Now in her nineties, Pat Yankee recently wrote her memoirs You Gotta See Your Mama Every Night (Eight Decades In Show Business) with Medea Isphording Bern. Just 120 pages long counting 12 pages of photos (there are many other photos scattered throughout the book), what is here is entertaining and generally lively. Pat Yankee talks with frankness and good humor about her life while Ms. Bern fills in some of the blanks. Particularly rewarding are her stories about the early days when she was a hard-working tap dancer. Jazz fans will be most interested in her tales about touring with Ted Lewis and her musical adventures with Turk Murphy. Ms. Yankee also discusses the ups and downs of performing the Sophie Tucker and Bessie Smith shows and some details about her long-forgotten and brief film career.

While she hints at having had a wild life before she got married, one only gets hints. Also missing are any details about her recordings (she led at least seven albums during 1986-2005, is on records with Turk Murphy during 1959-61, 1971, 1979-81 and 1984, with John Gill in 1989, and the Hot Frogs during 1992-93) or any explanation as to what attracted her to traditional jazz as opposed to other types of music.

You Gotta See Your Mama Every Night could have easily been two or three times longer. It should not be considered definitive, but it is entertaining and gives one a good glimpse of the life of Pat Yankee, a veteran singer who deserves to be celebrated. It is available from



Cal Tjader (1925-82) was an innovative vibraphonist and bandleader who combined together bop-oriented jazz with Cuban rhythms (in addition to playing straight ahead and Latin jazz separately) to form his own fresh and influential version of Afro-Cuban jazz. One of the top seven jazz vibraphonists before 2000 (along with Lionel Hampton, Red Norvo, Terry Gibbs, Milt Jackson, Bobby Hutcherson, and Gary Burton), Tjader led an early group during 1951-52 and was a bandleader from 1954 on. Oddly enough, he had a couple of things in common with Pat Yankee although he probably never worked with her. Tjader also came to his early fame as a brilliant tap-dancer, and he appeared in a film (although without any lines) with Bojangles.



The second edition of S. Duncan Reid’s book Cal Tjader – The Life and Recordings of the Man Who Revolutionized Latin Jazz (McFarland & Company) updates his  August 23, 2013 biography and adds additional interviews and photos. In this very readable biography, Reid covers all periods of Tjader’s life and career. One learns about Cal Tjader’s early life as a tap-dancer who loved to play outlandish practical jokes and could be a bit reckless, his transition to becoming a drummer and eventually a vibraphonist, his sideman days with the Dave Brubeck Trio and George Shearing Quintet, and the many bands that he led during his career. Reid interviewed virtually every musician that he could find who had crossed paths with Tjader (including all of his surviving sidemen), his childhood friend Merv Griffin (Tjader appeared on his show many times), and various relatives and friends. While he mentions most of Cal Tjader’s live appearances (a great deal of research went into this work), the reading is never dull and is overflowing with colorful stories and incidents. The book concludes with full-length interviews with Tjader’s two children and a complete discography of his recordings.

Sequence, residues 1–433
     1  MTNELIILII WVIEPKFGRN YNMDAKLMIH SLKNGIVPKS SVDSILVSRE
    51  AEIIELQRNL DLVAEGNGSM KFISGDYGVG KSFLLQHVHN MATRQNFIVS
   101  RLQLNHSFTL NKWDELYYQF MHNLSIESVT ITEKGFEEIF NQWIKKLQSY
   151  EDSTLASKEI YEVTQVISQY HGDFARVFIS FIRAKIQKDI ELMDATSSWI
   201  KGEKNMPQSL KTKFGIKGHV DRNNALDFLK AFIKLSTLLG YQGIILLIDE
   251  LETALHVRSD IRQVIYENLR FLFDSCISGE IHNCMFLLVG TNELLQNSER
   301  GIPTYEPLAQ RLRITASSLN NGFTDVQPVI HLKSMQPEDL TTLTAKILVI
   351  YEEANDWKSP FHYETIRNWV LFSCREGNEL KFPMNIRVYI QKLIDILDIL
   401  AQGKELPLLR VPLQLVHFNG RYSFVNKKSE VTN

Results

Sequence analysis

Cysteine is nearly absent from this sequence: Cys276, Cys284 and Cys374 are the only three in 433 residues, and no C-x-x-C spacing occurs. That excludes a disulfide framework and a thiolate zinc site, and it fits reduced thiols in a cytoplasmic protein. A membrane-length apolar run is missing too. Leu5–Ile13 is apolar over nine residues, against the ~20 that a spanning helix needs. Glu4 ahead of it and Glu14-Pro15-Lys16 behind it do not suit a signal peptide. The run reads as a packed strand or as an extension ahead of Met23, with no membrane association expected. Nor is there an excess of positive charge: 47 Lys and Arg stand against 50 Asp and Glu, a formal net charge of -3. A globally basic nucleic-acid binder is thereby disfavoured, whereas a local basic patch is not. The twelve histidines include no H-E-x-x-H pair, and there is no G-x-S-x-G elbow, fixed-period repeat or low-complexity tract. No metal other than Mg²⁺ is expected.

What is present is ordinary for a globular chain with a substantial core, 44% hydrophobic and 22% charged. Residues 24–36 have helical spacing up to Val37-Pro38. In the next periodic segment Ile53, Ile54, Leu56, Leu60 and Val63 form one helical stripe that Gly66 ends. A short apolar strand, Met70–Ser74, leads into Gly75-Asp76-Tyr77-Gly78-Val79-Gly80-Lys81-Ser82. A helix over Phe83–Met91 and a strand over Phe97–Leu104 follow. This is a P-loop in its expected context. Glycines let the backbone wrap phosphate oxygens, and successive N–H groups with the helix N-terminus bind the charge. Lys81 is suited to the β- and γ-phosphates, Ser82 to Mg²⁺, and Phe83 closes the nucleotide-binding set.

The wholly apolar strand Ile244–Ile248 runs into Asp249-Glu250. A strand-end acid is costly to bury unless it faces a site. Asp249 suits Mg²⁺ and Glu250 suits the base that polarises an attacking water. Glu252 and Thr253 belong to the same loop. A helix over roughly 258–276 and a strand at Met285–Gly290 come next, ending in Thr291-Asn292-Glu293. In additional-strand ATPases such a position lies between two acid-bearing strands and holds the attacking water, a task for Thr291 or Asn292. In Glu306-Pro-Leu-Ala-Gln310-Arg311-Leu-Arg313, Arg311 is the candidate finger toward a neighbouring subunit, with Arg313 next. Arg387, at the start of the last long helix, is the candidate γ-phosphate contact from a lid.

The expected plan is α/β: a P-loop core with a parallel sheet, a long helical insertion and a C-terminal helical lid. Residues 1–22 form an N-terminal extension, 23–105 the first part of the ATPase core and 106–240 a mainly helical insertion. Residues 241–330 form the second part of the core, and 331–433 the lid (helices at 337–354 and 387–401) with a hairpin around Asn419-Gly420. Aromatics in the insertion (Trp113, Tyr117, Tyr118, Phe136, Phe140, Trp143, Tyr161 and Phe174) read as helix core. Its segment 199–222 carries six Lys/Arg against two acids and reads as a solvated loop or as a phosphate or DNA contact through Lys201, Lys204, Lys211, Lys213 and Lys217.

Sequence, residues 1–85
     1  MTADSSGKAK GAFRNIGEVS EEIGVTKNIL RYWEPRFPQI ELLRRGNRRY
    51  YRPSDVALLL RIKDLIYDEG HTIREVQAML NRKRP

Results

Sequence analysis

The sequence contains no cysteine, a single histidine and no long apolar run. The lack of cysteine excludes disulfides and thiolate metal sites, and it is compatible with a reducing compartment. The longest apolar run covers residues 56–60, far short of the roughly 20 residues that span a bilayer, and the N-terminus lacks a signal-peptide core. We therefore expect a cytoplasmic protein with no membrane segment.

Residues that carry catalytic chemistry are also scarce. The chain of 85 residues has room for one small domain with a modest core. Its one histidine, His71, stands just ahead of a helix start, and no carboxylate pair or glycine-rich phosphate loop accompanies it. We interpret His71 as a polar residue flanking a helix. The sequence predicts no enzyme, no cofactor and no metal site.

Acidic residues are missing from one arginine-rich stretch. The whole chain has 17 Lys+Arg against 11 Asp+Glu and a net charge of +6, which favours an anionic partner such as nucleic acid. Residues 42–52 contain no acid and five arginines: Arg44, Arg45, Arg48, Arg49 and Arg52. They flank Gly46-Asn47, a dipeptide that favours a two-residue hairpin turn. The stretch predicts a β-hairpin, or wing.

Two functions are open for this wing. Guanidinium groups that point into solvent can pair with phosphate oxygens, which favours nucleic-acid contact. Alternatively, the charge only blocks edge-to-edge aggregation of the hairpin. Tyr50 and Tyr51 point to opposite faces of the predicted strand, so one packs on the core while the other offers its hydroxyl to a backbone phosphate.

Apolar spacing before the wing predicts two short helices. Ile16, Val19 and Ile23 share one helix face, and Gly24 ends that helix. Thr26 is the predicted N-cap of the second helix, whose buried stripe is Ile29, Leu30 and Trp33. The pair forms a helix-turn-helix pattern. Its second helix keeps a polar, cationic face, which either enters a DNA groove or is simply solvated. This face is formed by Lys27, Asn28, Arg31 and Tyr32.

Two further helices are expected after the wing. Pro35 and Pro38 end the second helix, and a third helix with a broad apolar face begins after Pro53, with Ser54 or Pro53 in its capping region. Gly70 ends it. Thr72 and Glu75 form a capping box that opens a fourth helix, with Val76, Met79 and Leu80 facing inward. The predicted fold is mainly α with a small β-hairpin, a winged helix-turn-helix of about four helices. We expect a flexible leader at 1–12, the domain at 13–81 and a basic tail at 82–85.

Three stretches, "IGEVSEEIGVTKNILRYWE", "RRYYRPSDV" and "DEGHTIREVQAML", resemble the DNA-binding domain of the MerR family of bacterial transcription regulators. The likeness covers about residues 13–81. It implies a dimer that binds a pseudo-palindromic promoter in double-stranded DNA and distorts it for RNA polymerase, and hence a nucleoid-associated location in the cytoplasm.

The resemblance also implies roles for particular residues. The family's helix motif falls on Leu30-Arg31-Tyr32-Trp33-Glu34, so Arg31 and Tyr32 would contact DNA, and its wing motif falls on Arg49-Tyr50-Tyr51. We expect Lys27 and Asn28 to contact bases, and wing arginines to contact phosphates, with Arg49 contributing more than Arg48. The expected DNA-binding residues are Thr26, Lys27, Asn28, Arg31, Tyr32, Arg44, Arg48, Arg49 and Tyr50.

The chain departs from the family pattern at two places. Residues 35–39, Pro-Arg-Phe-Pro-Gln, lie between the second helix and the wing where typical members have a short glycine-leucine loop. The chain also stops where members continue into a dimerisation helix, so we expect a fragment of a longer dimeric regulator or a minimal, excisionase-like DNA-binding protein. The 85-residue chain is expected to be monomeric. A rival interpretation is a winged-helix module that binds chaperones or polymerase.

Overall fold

Throughout the biography, S. Duncan Reid deals with his subject quite honestly (he quotes from the many good and bad reviews of the vibraphonist’s recordings and performances), treating Tjader as a flawed but warm-hearted human being who made a major contribution to music. One learns a great deal from reading this work and is entertained along the way, leading one to go back and explore Cal Tjader’s recordings. Go out of your way to get this book! It is available from



Ronnie Scott (1927-96) was one of the top British jazz tenor-saxophonists of the 1950s and ‘60s. However his most lasting contribution to the music was probably opening up and running the London nightclub Ronnie Scott’s (along with his business partner saxophonist Pete King) in 1959. It became (and is still considered) the #1 jazz club in England, featuring not only the top British players but a long list of top American musicians.

Freddy Warren was a jazz-loving photographer who was at Ronnie Scott’s nearly every night for 20 years. He also took many other photos for other assignments during his life before perishing in a fire in 2010. After he fire, his nephew Simon Whittle was able to retrieve over 200 boxes of negatives which otherwise would probably have been tossed out.

The recent book Ronnie Scott’s 1959-69 (Reel Art Press) has an interview of Simon Whittle by Mark Baxter and an article on Ronnie Scott and his club by Graham Marsh. Otherwise this book is comprised of Freddy Warren’s photos of 61 jazz artists including Cannonball Adderley, Count Basie, Art Blakey, Miles Davis, Duke Ellington, Bill Evans, Art Farmer, Ella Fitzgerald, Stan Getz, Dizzy Gillespie, Tubby Hayes, Freddie Hubbard, Rahsaan Roland Kirk, Thelonious Monk, Wes Montgomery, Lee Morgan, Buddy Rich, Sonny Rollins, Zoot Sims, Sonny Stitt, Ben Webster and, of course, Ronnie Scott.

Most of the photos have not been seen in decades if ever, making Ronnie Scott’s 1959-69 a perfect gift for jazz fans. It is an attractive hardcover book that is available from I hope that there will be more releases in the future from the priceless Freddy Warren collection.

Every jazz musician needs a well-written press biography, every CD deserves informative liner notes, and important events benefit from press releases.

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   Be well and safe everyone. The live jazz scene will return.